I’d much rather know that Arizona students (and those in any other states that might be tempted to follow Arizona’s lead) had participated in some in-depth discussion of the topics so briefly touched on in the citizenship exam, such as the civil rights movement, the structure of the U.S. political system, and so on, than that they can pass the exam itself. Let’s leave the latter for party games, and for the immigrants in the unusual situation of having to prove their knowledge of the U.S. all in one sitting.

Beware the ‘Dirty Dozen’

IRS has become known for annually itemizing its “Dirty Dozen” tax scams expected to be seen somewhere throughout the upcoming filing season.   This year’s list is out, and “abusive tax shelters” are again prominently included.

Such “schemes,” as IRS describes them, have evolved from foreign trust arrangements into sophisticated strategies which take advantage of the financial secrecy laws of some foreign jurisdictions.

If you’re into any of these (including some trust structures put forth by unscrupulous promoters) get ready for a call from the IRS Criminal Investigation Division, and get some legal advice right away.

Will You Sell Your Home in 2015?

house w_cherry treeIf you’ve been thinking about selling your house, the magic 8-ball may give you the go-ahead in 2015. At the very least, Kiplinger’s thinks this will be a good year in which to sell. Income and employment are on the rise, naturally driving up demand for housing. (See “Kiplinger’s Economic Outlooks.”) Interest rates shouldn’t rise too much, either, making mortgage loans accessible to a wide pool of buyers.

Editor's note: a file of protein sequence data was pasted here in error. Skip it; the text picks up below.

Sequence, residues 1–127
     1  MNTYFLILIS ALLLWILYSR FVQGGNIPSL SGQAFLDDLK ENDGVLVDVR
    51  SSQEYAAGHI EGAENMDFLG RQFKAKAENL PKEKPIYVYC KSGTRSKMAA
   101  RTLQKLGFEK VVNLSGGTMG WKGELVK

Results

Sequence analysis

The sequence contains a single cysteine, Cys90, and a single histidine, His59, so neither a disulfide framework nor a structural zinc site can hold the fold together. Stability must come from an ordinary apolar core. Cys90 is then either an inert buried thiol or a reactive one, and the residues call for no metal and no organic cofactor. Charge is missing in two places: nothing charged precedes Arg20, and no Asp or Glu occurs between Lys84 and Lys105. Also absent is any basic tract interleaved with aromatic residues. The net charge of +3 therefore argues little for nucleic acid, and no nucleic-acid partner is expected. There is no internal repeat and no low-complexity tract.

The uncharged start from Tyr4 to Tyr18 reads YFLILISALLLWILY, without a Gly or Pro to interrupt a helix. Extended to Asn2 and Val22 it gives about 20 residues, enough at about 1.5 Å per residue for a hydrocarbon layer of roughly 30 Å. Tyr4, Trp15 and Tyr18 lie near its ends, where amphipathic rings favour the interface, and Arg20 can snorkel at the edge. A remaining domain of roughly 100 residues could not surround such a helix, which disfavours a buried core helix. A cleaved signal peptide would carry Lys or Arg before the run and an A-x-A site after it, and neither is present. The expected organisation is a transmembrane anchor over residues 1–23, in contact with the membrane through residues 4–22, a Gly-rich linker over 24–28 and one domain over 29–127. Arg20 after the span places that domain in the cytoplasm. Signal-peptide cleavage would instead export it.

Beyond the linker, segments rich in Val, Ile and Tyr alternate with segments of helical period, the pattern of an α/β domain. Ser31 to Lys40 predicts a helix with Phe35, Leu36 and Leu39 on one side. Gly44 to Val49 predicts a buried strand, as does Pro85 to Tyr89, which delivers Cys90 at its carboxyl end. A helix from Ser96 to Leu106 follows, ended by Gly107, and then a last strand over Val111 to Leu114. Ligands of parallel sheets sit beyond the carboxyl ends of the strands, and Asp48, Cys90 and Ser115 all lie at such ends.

But you’ll want to act quickly. The spring season is usually the most advantageous for selling — flowers are blooming, families with children want to move in summertime so as not to disrupt the school year, and one “For Sale” sign just seems to lead to another.

So, it’s February already. How soon can you get a home on the market? Here’s how Carol Neil, a Berkeley-based broker with over 30 years of experience, explains it within Nolo’s latest book (fresh out in its first edition!), Selling Your House:

Two months is an ideal amount of prep time once you get an agent involved. Some houses don’t need that much time, and a good agent can whip things into gear in a matter of days — but I’ve also worked with sellers for over a year to get the place ready. The houses that tend to need the most prep are the ones that the seller has lived in for the longest time. They’ve lived with the problems and don’t see them.